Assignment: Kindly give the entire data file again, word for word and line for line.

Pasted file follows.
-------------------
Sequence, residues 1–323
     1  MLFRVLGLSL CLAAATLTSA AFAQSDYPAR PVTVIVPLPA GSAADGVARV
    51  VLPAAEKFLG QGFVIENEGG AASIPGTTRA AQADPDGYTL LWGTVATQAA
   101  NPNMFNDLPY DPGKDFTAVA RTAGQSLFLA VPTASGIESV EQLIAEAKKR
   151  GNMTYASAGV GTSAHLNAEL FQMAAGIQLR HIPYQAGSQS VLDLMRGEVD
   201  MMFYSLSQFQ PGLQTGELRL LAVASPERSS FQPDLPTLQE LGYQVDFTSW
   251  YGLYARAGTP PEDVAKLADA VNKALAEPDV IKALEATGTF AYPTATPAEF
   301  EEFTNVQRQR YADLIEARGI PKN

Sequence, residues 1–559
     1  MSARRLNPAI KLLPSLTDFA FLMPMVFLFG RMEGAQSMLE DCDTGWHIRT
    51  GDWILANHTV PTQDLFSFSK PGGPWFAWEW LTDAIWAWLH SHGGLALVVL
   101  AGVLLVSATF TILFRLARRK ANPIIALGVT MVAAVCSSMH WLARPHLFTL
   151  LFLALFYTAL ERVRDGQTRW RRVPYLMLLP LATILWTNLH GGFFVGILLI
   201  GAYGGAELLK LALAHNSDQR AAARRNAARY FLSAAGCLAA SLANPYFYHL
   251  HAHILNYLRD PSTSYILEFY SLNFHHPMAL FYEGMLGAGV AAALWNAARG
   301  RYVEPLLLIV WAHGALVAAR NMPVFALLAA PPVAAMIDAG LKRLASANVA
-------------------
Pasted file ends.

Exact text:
Sequence, residues 1–323
     1  MLFRVLGLSL CLAAATLTSA AFAQSDYPAR PVTVIVPLPA GSAADGVARV
    51  VLPAAEKFLG QGFVIENEGG AASIPGTTRA AQADPDGYTL LWGTVATQAA
   101  NPNMFNDLPY DPGKDFTAVA RTAGQSLFLA VPTASGIESV EQLIAEAKKR
   151  GNMTYASAGV GTSAHLNAEL FQMAAGIQLR HIPYQAGSQS VLDLMRGEVD
   201  MMFYSLSQFQ PGLQTGELRL LAVASPERSS FQPDLPTLQE LGYQVDFTSW
   251  YGLYARAGTP PEDVAKLADA VNKALAEPDV IKALEATGTF AYPTATPAEF
   301  EEFTNVQRQR YADLIEARGI PKN

Sequence, residues 1–559
     1  MSARRLNPAI KLLPSLTDFA FLMPMVFLFG RMEGAQSMLE DCDTGWHIRT
    51  GDWILANHTV PTQDLFSFSK PGGPWFAWEW LTDAIWAWLH SHGGLALVVL
   101  AGVLLVSATF TILFRLARRK ANPIIALGVT MVAAVCSSMH WLARPHLFTL
   151  LFLALFYTAL ERVRDGQTRW RRVPYLMLLP LATILWTNLH GGFFVGILLI
   201  GAYGGAELLK LALAHNSDQR AAARRNAARY FLSAAGCLAA SLANPYFYHL
   251  HAHILNYLRD PSTSYILEFY SLNFHHPMAL FYEGMLGAGV AAALWNAARG
   301  RYVEPLLLIV WAHGALVAAR NMPVFALLAA PPVAAMIDAG LKRLASANVA